The Four Laws Of Better Blogging

From Iain Broome:

Write from experience.

Tell the truth.

Be helpful.

Enjoy it.

We often look for advice on how to be better bloggers and better writers. We often find long-winded, convoluted suggestions on how to achieve this. We seek out advice on blogs like this one. For a moment, take a step back from the tactical and assume that all we really need to do our best work are these four simple truths. They may be all we need to improve.

Speaking of improving, if you could use a bit more help than these four words provide, I suggest checking out Write For Your Life, Iain’s new podcast along with Myke Hurly on the 70Decibels network. In just two episodes, it offered suggestions that have me striving to be both a better blogger and writer.

5 Responses to The Four Laws Of Better Blogging

  1. Keeping it simple. Nice.

    I wonder how many of us manage to bring all four together at once. Can we really be helpful and tell the truth if we don’t have experience or enjoy doing so? Perhaps, but nowhere near as remarkably as we might if we had all four.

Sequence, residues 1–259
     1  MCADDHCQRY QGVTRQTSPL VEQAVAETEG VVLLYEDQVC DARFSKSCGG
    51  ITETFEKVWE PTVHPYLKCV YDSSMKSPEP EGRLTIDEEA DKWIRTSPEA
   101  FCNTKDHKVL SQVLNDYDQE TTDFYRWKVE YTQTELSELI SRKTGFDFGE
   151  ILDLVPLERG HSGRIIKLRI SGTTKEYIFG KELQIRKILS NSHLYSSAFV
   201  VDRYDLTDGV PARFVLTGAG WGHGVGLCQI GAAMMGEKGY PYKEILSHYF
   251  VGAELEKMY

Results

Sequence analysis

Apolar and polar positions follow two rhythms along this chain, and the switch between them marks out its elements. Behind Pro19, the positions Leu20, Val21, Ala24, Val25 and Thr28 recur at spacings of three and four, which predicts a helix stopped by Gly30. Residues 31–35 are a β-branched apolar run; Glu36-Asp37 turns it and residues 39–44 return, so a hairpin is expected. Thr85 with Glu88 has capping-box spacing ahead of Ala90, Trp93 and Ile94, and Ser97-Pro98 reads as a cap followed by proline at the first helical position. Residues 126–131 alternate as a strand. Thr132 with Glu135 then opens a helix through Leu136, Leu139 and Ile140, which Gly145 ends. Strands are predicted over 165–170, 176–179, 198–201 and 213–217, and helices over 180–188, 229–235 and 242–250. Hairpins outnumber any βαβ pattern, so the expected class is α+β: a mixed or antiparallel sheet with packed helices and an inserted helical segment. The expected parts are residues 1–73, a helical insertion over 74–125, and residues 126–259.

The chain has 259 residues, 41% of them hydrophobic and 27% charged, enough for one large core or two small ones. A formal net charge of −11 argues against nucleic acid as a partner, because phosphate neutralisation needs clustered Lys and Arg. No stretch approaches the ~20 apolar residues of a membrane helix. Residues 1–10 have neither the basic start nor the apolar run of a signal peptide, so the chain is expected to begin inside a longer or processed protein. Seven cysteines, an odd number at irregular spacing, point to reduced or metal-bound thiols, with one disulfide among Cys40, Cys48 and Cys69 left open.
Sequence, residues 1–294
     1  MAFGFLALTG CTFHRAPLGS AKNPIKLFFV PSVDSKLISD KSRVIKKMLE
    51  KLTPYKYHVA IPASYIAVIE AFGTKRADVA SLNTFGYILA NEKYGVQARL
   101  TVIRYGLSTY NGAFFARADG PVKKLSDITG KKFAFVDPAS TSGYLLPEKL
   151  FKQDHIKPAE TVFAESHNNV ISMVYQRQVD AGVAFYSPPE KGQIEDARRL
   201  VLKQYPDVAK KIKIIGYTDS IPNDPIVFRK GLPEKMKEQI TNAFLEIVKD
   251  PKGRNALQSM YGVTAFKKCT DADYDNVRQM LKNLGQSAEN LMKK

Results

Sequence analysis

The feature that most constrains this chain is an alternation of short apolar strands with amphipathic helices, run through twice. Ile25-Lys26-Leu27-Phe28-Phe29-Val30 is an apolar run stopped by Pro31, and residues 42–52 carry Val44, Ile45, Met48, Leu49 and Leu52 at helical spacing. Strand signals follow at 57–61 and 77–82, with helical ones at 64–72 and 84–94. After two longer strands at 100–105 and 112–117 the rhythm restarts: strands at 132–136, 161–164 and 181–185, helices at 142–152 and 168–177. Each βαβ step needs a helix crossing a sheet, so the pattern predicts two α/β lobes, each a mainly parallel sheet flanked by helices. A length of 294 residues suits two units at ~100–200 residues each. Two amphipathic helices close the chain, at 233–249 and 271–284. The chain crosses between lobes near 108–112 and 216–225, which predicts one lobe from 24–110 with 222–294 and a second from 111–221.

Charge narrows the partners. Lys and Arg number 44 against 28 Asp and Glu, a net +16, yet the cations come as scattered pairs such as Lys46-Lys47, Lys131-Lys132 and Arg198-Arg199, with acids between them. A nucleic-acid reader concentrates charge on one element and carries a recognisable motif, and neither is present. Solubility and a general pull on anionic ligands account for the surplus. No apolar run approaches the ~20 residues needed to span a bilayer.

Work-life-parallel FTW.

    • The answer is probably not enough of us. I’m certainly guilty of falling short on some of these from time to time. Although even if you aren’t able to live this at the beginning (e.g. you don’t quite have the experience yet), they are wise words to aim for. As I’ve said in the past, when I write for this site, I’m almost always sharing something that worked for me or talking to myself from the future as to where I hope to get. I think as long as you’re being honest that you don’t have the expertise just yet, you’re still sharing from experience. As for the not enjoying it, I have no idea why anyone would do this if they didn’t.

      • We go from not knowing we don’t know, to not thinking about how well we actually know what we know. The dynamic changes along the way. It’s a journey of reflection and discovery. 

        Perhaps the most valuable benefit to blogging is the reflection piece. When we reflect on our experiences – even our ideas where experience is lacking – we evolve. And that’s more valuable than all the readers and email lists in the world to some of us. 

        The only thing worth making is a difference. 

        • I always try to start from a place of not knowing, but I often neglect to realize how much I’ve learned.

          I also couldn’t agree more on the benefit. I write for myself and hope that it’s helpful to others. Selfish? Probably, but it keeps me writing.

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